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Publication Date: 2016
|Dimensions: 7.17 X 4.71 X 1.04 (inches)|
Harvesting Abundance: Local Initiatives of Food and FaithBrian Sellers-PetersenChurch Publishing Inc. / 2017 / Trade Paperback$10.99 Retail:
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To the Table: A Spirituality of Food, Farming, and CommunityLisa Graham McMinnBrazos Press / 2016 / Trade Paperback$11.49 Retail:
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Year of Plenty: One Suburban Family, Four Rules, and 365 Days of Homegrown Adventure in the Pursuit of Christian LivingCraig L. GoodwinSparkhouse Press / 2011 / Trade Paperback$10.99 Retail:
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Satisfied: Discovering Contentment in a World of ConsumptionJeff ManionZondervan / 2013 / Trade Paperback$10.49 Retail:5 Stars Out Of 5 1 Reviews
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Among the many pressing social concerns that have galvanized evangelical Christians responseabortion, human trafficking, environmental degradation, and many othersthe care of animals has received relatively little attention.
Yet as author Sarah Withrow King deftly uncovers in Vegangelical, animal stewardship is a necessary aspect of a holistic ethic of Christian peace and justice. Indeed, care for animal welfare correspondingly strengthens our care for environmental and human flourishing.
Practical, restrained in its conclusions, and grounded on a broader theology of Christian compassion, Vegangelical calls readers to a greater attentiveness to one of the primary relationships in Gods created order, that between humans and animals.
Sarah Withrow King is director of Christian outreach and engagement at People for the Ethical Treatment of Animals (PETA). Formerly the deputy director at Evangelicals for Social Action, Sarah earned an M.A. from Palmer Theological Seminary and is currently an associate fellow at the Oxford Centre for Animal Ethics.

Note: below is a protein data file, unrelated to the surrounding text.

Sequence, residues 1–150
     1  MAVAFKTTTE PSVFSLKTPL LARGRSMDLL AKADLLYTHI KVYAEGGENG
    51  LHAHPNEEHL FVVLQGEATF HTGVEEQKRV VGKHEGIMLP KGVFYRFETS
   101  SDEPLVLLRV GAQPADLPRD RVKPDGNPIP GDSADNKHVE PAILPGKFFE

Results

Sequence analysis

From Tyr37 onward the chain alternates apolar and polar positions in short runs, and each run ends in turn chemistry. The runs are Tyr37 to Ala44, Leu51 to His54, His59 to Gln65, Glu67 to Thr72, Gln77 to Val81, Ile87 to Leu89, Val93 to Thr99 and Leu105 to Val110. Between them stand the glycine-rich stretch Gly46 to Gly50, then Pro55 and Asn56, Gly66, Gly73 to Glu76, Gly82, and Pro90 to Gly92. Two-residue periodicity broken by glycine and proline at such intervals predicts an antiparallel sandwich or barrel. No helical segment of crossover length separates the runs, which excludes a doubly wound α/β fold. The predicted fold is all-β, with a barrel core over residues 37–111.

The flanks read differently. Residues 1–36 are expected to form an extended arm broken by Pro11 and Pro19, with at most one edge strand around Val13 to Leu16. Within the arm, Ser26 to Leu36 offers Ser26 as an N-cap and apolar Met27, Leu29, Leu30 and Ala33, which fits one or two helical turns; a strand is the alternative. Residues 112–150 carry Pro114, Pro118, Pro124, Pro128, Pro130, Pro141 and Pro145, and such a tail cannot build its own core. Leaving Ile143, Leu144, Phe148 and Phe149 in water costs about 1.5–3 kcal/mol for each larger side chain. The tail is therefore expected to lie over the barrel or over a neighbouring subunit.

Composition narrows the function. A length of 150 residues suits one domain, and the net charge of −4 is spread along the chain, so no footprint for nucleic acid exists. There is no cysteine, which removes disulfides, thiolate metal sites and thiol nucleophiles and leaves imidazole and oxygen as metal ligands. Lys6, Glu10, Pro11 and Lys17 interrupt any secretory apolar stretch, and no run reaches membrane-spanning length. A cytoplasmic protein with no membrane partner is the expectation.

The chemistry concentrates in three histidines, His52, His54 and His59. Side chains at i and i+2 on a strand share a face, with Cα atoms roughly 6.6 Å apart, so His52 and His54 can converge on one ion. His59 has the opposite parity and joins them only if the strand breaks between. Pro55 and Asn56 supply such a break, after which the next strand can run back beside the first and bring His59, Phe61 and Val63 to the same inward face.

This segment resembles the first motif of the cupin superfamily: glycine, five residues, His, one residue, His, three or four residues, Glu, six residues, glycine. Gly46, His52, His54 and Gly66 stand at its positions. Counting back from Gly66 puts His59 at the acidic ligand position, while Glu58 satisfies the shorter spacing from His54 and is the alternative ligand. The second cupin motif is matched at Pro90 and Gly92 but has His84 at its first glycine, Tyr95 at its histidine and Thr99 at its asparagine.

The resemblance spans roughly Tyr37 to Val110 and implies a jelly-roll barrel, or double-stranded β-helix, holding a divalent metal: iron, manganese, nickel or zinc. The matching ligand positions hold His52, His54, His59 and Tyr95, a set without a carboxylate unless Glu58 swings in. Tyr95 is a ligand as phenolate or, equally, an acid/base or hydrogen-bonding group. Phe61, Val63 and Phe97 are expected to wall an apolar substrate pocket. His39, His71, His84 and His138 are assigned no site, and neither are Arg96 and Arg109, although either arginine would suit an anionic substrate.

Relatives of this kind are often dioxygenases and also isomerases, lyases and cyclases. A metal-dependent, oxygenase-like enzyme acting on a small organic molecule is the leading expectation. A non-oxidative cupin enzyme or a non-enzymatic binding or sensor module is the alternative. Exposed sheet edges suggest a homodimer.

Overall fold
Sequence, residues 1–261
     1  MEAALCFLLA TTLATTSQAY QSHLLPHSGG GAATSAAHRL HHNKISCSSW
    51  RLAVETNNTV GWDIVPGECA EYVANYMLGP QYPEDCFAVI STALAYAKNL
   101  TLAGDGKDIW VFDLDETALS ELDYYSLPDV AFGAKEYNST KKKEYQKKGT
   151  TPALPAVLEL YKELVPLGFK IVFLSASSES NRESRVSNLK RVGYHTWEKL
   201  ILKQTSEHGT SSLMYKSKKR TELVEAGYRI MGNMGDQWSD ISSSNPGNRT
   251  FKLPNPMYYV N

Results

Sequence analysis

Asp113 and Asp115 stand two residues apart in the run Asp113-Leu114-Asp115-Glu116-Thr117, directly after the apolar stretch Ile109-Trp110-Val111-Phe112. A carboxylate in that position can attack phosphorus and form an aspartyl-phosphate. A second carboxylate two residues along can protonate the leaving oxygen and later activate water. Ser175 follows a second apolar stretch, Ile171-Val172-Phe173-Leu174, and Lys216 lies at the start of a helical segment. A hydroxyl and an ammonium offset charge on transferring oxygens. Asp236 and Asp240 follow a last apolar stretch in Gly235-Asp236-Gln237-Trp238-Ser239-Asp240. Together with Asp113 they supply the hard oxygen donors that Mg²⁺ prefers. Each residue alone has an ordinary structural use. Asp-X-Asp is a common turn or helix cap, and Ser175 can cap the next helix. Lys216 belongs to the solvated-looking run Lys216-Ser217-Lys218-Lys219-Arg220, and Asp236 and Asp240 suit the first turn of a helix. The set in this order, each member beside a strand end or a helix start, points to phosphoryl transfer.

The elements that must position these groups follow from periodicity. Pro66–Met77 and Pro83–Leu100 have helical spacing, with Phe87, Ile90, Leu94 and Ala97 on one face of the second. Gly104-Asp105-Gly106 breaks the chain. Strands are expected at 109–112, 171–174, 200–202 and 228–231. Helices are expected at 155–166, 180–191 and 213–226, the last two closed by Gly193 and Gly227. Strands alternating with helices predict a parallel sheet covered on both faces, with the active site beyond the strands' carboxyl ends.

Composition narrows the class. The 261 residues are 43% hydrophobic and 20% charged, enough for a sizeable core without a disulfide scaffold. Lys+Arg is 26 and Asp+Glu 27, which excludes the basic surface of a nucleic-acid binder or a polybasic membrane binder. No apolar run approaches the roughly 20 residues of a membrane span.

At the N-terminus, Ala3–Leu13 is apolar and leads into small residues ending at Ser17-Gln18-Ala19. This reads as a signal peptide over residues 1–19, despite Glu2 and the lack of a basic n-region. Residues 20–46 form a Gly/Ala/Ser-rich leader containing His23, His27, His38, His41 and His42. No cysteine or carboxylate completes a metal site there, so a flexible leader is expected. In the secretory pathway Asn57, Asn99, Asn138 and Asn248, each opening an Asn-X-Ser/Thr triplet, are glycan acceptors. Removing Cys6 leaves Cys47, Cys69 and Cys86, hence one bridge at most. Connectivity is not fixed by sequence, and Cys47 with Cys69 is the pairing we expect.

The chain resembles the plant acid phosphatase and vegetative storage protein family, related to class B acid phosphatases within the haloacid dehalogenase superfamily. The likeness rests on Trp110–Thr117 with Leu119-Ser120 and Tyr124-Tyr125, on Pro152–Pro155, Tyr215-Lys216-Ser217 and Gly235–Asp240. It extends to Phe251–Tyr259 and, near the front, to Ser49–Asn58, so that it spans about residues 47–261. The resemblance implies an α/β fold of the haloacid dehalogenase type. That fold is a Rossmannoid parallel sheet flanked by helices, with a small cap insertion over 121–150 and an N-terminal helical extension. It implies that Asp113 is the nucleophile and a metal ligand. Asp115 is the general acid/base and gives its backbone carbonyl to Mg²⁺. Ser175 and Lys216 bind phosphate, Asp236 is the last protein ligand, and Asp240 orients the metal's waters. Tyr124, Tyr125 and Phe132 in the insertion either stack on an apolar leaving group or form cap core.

Chasing Butterflies5 Stars Out Of 5RecommendedApril 7, 2017Chasing ButterfliesQuality: 4Value: 4Meets Expectations: 4When I saw Vegangelical, I was pleasantly surprised that there are some books about veganism and Christianity out there. And even more surprised that this book was balanced, convincing and not racidal at all(because both Christians and vegans can be quite radical sometimes). I really liked it.
Sarah Withrow King shows that it is possible to interpret Scripture in a way that not only tolerates, but recommends a vegan diet and that we as humans need to treat animals well. And she also proves that there is no scriptural ground whatsoever to justify violence against animals. What I really liked about the book was that she not only focused on factory farms, but she also gave examples of animal abuse in zoos, circuses, the pet industry and in the fur and leather production. And even though these examples were hard to read, she did not expand them more than necessary to achieve a shocking effect. She rather let these examples speak for themselves. I really appreciated that.
The writing was good and I could easily understand her train of thought. The biblical concepts she explained did not seem far-fetched but made a lot of sense. There are also a few questions at the end of each chapter for personal reflection and these questions were very good and balanced.